Jan302012

Announcing Toronto Nepali Film Festival 2012 Programme

Toronto, ON: The Third Toronto Nepali Film Festival (TNFF)is happy to announce its festival program. The one day film festival will be held on Saturday March 17 (St. Patrick’s Day), 2012 in Toronto, Canada at Innis Town Hall, University of Toronto, 2 Sussex Ave (at St. George Street. TNFF showcases films that pertain to Nepal and is open to filmmakers from all over the world. The festival is organized with the goal of promoting Nepal’s rapidly emerging and vibrant independent filmmaking and adding a distinctive voice to Toronto’s film and cultural landscape.

This year TNFF received forty six submissions from Canada,Germany, Nepal, Russia and the US. The TNFF curatorial committee has selected nine extraordinary films, and they are Buried in Tears, Buwega Maanatuna (The Spinner of Flights), Hanuman Airlines, Identity, Journey to Yarsa, Khusi Bhaneko (A Thing Called Happiness), Ma Khusi Chu (I am Happy), Saving Dolma and Team Nepal. The filmmakers of the selected films are respectively Ashok Thapa; Loonibha Tuladhar; Pevec Hamilton; Lakshya Dhungana and Paula Mateo; Dipendra Bhandari; Anya Vaverko; Abinash Birkram Shah; Kesang Tseten and Girish Giri. The programme includes shorts, documentary and fiction films. The films are in Korean, Nepali, Newari (language spoken by Newars who are indigenous to Kathmandu Valley) and Tagalog. All the films have subtitles in English. The narratives of the selected film go beyond the borders of Nepal. Buried in Tears focuses on a rock band called Stop Crackdown in South Korea consisting of band members from Burma, Nepal, Indonesia and Korea. Saving Dolma follows the case of Dolma, a Nepali woman sentenced to death in Kuwait, convicted of killing a fellow domestic worker. Identity brings forth story of migration from the voices of Nepali and Filipino immigrants in Toronto. Other selected films portray diverse narratives of thrill seekers, happiness, a soccer team and a kite spindle maker. The program while being specific to Nepali narratives, there are abundant universal themes of living dreams, human resilience, loss and environment.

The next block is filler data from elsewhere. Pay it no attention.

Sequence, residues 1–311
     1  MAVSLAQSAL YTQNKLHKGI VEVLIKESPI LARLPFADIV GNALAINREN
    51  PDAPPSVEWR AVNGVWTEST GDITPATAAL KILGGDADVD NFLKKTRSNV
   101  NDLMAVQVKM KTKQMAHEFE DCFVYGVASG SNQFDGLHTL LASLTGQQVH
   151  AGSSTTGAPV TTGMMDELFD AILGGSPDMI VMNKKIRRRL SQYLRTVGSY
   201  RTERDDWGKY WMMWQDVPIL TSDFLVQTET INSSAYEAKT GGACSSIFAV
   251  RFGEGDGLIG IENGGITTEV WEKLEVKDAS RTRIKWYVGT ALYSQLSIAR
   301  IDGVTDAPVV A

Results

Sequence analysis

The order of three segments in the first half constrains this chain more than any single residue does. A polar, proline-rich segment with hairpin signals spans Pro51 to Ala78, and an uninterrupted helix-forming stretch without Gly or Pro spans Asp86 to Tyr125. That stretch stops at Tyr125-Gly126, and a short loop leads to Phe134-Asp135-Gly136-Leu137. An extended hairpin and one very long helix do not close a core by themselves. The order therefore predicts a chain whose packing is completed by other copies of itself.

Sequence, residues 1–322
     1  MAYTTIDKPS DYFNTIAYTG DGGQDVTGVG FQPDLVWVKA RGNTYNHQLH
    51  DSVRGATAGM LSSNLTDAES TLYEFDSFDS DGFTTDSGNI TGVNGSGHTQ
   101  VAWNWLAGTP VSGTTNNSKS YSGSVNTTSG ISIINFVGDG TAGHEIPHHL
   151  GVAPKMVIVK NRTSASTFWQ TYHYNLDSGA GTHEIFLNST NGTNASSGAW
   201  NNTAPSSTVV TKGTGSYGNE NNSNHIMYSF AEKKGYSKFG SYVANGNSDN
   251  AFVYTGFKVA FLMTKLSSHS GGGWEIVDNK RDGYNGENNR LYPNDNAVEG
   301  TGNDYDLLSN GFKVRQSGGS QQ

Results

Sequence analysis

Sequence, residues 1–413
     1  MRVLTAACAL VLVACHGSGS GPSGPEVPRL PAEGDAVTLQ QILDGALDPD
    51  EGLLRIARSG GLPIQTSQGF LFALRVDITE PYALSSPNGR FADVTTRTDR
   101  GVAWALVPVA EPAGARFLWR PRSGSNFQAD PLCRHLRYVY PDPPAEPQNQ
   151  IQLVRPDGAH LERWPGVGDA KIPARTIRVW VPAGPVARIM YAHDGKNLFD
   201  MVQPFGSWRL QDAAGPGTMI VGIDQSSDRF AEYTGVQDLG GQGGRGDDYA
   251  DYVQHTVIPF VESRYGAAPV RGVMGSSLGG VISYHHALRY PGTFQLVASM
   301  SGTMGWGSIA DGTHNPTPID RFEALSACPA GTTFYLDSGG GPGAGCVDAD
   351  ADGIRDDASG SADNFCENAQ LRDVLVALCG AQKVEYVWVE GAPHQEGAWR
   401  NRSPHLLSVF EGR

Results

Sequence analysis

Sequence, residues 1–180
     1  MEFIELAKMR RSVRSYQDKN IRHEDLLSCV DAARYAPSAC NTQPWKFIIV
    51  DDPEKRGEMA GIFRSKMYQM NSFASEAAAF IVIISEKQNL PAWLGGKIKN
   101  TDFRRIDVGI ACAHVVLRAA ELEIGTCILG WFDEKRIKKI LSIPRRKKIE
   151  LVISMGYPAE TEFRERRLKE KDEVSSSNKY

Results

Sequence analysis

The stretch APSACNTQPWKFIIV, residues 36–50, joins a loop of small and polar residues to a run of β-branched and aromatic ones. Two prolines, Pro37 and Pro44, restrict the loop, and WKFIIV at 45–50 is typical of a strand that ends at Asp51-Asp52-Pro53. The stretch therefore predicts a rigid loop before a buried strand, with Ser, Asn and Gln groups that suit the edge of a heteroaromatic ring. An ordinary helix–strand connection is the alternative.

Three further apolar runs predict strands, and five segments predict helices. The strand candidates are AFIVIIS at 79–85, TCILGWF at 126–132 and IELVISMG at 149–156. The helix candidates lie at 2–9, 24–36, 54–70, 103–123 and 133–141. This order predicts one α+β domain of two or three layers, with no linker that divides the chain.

The 2012 TNFF Curatorial Committee included Julie Bridgham, an award winning documentary filmmaker based in New York City, Richard Fung, a Trinidad born Canadian filmmaker, writer and artist, and Surendra Lawoti, a Nepali photographer based in Toronto, who is also the Festival Curator of TNFF.

In addition to the film programme, there will be a food stall selling delicious Nepali cuisine and performance featuring local artists. Audience Choice Award and Jury Choice Award carrying a monetary value will be announced at end of the festival.